January 3, 2018 – During the fall of 2009, each day began in the exact same way: I would be wide awake at 2:00 a.m., nervously shifting around in my bed. As the minutes ticked by and the window gradually gave way to sunlight, I became increasingly consumed with fear. What was this terrifying thing that was happening to me and why couldn’t I do a thing to stop it?
According to my doctors, I was suffering from depression – a term I had used cavalierly throughout my entire life. Surely what I was experiencing could not be something as innocuous as depression?
While everyone’s experience with depression is unique, mine went something like this: a July that didn’t feel quite right, an August defined by escalating fear, and then, as of Labor Day weekend, a two-and-a-half-month period of suicide-obsessed hell. I thought I was losing my mind.
I was 36 at the time, but I might as well have been five years old. I had gone from being a bubbly, high-functioning professional and loving family member and friend to a woman totally incapable of caring for herself. I had no appetite and would never eat more than a third of what was put in front of me. I put zero effort into my personal hygiene, my physical appearance, or my home’s cleanliness. My whole body was shaky. I could not laugh or cry. My once strong voice had transformed into a raspy whisper; eventually, I stopped talking altogether.
If you looked at the external appearance of my life at the time, none of this made any sense. I had a great job, a loving husband, supportive family and friends, and a clean bill of health following treatment for breast cancer. Yet during those months, the world I once knew ceased to exist. I found myself gone from that world, and never thought I would live to see it again.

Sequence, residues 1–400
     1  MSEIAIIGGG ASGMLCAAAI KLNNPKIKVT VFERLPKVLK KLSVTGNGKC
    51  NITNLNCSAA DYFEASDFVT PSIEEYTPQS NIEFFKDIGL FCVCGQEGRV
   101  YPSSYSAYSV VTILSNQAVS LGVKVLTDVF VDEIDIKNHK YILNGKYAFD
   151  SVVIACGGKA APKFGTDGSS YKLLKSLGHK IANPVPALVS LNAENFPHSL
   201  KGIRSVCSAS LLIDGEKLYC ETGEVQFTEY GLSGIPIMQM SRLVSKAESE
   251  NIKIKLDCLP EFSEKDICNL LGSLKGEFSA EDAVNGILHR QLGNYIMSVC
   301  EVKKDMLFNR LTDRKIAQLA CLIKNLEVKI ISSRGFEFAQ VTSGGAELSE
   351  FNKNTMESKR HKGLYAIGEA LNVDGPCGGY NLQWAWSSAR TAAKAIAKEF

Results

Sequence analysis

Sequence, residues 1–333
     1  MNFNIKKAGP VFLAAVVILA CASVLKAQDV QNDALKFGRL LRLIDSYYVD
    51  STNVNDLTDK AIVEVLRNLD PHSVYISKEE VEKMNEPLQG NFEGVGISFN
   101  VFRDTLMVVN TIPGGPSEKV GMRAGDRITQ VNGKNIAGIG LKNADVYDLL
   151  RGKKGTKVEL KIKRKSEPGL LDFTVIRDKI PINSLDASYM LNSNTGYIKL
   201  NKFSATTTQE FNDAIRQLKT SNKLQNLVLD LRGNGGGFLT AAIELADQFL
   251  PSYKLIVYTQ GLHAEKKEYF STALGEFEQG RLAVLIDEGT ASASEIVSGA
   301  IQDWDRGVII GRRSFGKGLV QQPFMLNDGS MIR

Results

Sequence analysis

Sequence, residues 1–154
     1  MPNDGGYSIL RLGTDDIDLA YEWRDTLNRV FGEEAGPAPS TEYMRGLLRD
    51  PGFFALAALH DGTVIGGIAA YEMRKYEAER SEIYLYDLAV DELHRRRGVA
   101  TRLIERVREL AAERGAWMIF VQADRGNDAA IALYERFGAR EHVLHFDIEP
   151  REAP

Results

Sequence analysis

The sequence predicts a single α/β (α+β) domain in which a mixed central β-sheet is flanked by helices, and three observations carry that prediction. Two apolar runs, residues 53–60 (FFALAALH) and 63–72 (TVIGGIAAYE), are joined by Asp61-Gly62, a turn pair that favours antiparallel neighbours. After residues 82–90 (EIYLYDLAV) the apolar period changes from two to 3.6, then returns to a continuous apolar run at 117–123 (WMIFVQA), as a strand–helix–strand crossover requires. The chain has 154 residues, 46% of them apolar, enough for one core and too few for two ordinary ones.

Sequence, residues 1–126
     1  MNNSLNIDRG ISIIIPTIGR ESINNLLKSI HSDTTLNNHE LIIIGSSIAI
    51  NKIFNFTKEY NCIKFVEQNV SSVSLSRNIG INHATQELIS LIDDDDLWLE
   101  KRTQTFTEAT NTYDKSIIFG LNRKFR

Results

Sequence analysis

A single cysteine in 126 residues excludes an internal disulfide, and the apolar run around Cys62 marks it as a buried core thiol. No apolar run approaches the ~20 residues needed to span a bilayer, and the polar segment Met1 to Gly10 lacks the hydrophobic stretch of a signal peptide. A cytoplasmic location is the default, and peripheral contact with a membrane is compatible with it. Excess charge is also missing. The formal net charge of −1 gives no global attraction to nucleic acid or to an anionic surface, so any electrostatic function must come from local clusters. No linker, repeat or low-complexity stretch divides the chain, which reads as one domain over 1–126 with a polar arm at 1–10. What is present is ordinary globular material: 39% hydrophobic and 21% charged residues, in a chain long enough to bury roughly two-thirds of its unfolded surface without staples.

If you have a loved one who is suffering with suicidal thoughts, perhaps my experience will give you some ideas about how to provide the support they need.
First, from the time my suicidal thoughts took hold until the time my depression began to lift, most of my waking moments were spent contemplating ways to escape the pain. A huge part of my anxiety was living with thoughts of suicide, but not being brave enough to articulate them to my loved ones. I did not want to scare them, and it seemed an enormous burden to bring others into my frightening world. When my family eventually broached the topic of suicide with me, they did so without mincing words, and it was an incredible relief. Please don’t be afraid to talk directly with someone you think may be contemplating suicide. It may be scary for you, but it is terrifying for your loved one to be alone with those thoughts.
Most of us with suicidal thoughts have a crippling fear that our life is on the verge of falling apart, and a loop of negativity is often playing on “repeat” in our minds. Encourage your loved one to express these thoughts out loud or in writing. The more your loved one addresses their fears head-on, the less power those fears will have over them. In fact, until I was able to clearly articulate the depths of my anxiety to my psychiatrist, I didn’t make an ounce of progress. Once my doctor recognized that anxiety was the dominant emotion of my depression, he treated it with the aggressiveness it required. This was a game-changer for me.
Next, and I know this is a tall task, but your unwavering confidence in your loved one’s recovery is essential. Please find the strength to look your loved one in the eye and say with confidence, over and over again, that they will get through this and that they will get back to their old selves. They likely will not believe you, but do not be deterred. Try saying things like, “I know you think you will never get through this. I know you think life will never be the same again. I know you think no one has ever experienced this pain and that no one can help you. But I am here to tell you your brain is playing tricks on you. You WILL get through this.”
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